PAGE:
When considering the fact that this is a leading international saxophone brand which backs their instruments with a generous parts and labour warranty, the Jean Paul AS-400  could be a worthwhile investment for the serious beginner.

Jazzfuel Pick!
Jean Paul USA AS-400SP (silver)

Jean Paul USA AS-400SP (silver)

Our favourite beginner alto sax for its mix of style, quality and affordability.

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Mendini by Cecilio (alto saxophone)

Cecilio is an American instrument company that was founded in 2004.

Its saxophones (which we reviewed in detail here) are built overseas before being play-tested and distributed from its headquarters in Los Angeles.

This remarkably affordable product is built with a focus on comfort, with an easy-to-grip design. It has a ribbed build and stainless steel tone boosters. The low B flat spatula keys have been designed in a tilted style for ease of playing.

The Mendini by Cecilio is available in a range of funky colours, which might appeal to younger learners, including purple, red and green, as well as a more standard gold finish.

It arrives with an accessory pack, including a chromatic tuner, which is a nice touch for the complete beginner saxophonist.

Mendini By Cecilio Eb Alto Sax

Mendini By Cecilio Eb Alto Sax

Built overseas before being play-tested and distributed from the headquarters in Los Angeles. A remarkably affordable product with a focus on comfort and ease-of-use.

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Jupiter JAS710GN

Chinese company Jupiter has been a stalwart of the student saxophones world for many years, and numerous beginner students have gone into music shops on the hunt for a Jupiter saxophone, following a recommendation from their teacher.

In fact, its parent company KHS has been making educational products since it was founded in Taiwan in 1930.

The highly playable JAS710GN is best described as a beginner alto sax with advanced features.

Offering a rich sound quality, it’s lacquered brass body is accompanied by quality nickel-plated keys, offering great durability and it’s been designed with comfort in mind. This is, of course, especially important for young students.

As with the YAS-280, is a high quality beginner horn which can see you well through to intermediate level without a problem.

Elkhart 100 Series

The Elkhart 100 Series is something of a music education classic, having been purchased in bulk by countless schools and music services over the years.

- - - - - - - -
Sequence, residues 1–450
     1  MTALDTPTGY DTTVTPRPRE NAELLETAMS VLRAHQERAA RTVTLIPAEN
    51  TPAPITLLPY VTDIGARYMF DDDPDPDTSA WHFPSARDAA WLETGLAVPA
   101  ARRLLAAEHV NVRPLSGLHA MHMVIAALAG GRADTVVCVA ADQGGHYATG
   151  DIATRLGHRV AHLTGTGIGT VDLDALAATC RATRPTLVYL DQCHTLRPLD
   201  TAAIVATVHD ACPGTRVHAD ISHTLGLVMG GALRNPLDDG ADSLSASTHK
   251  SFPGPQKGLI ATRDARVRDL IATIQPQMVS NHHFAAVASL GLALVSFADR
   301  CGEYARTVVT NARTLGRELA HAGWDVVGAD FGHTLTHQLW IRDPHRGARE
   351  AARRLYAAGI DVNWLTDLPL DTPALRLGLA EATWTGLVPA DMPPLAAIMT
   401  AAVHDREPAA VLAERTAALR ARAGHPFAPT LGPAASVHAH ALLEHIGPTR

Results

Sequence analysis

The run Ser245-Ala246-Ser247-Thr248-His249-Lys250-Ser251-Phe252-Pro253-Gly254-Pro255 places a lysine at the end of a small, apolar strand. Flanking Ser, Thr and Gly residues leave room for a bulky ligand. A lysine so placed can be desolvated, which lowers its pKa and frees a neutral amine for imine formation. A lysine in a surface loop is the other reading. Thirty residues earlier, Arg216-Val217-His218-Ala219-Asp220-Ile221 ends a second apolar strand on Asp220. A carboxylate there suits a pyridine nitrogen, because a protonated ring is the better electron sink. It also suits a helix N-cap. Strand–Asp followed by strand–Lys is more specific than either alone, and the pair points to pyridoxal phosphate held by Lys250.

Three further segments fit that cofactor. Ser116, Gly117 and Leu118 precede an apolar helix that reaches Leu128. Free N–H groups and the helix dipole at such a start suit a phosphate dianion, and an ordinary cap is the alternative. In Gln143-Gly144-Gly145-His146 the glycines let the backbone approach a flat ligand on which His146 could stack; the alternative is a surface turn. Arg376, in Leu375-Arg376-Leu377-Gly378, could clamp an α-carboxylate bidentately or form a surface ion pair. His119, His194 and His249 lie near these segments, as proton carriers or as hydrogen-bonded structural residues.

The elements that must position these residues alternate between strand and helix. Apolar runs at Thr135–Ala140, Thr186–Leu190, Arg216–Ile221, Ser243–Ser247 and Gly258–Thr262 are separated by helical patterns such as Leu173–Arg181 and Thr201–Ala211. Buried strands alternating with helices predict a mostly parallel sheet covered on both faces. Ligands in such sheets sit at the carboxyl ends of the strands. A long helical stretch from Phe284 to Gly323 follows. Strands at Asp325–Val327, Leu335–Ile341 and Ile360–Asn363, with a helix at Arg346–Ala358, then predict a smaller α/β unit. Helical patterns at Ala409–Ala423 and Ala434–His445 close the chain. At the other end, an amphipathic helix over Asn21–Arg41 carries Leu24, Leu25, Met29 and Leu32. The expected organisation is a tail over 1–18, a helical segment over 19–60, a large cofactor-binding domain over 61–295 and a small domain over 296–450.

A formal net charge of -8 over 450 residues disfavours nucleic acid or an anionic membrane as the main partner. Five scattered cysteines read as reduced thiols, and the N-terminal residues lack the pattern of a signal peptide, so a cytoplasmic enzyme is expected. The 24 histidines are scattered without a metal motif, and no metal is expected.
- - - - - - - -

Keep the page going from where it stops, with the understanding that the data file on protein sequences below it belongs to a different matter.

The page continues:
And, as one of the most inexpensive products on this list – often retailed around half the price of a Yamaha YAS-280 – it’s certainly worth considering for those on a budget.

Elkhart is a name with some pedigree in the saxophone world.

The company was originally based in Elkhart, Indiana, but now focuses on the student market with Taiwanese-manufactured instruments.

Still, this beginner alto saxophone arguably performs well in comparison to models that are considerably more expensive.

The keys on many budget saxophones are soldered directly onto the body, but the 100 Series has rib-mounted keys.

This detail, which is intended to give more solid build quality and durability, is more commonly seen on higher-end instruments.

Buffet 100 Series

Buffet Crampon is best known as one of the top manufacturers of high quality clarinets.

But the French company actually began making saxophones as early as 1866, just 20 years after Adolphe Sax invented the instrument.

The Buffet 100 Series is made in China, allowing it to be sold relatively cheaply, despite the fact that it is designed in France by one of Europe’s most renowned woodwind makers.

This entry-level alto sax is noted for its consistent intonation across the entire register and a warm, centred tone.

Conn-Selmer DAS180 Avant

French company Selmer Paris primarily manufactures high end professional instruments, and is perhaps the world’s most famous saxophone brand.

Conn-Selmer, meanwhile, is a modern American company that focuses on student and intermediate level saxophones  – although it does distribute Selmer Paris saxophones in the USA.

So, while you shouldn’t expect the quality and prestige of a Selmer Paris instrument from Conn-Selmer, the American company is gaining quite a reputation for producing very well-made alto saxophones at the upper end of the entry-level market.

The DAS180 saxophone is one of the more expensive products on this list, but it is made from high quality yellow brass, a material that is more commonly associated with professional instruments.

It also comes with a professional standard Rosseau ebonite mouthpiece, which is a cut above the mouthpieces that arrive with most student horns.

Trevor James Classic II

Released in 2012, the Classic II is an update on Trevor James’ ‘The Horn’ Classic, which had been one of the most popular student saxophones since the early 1990s.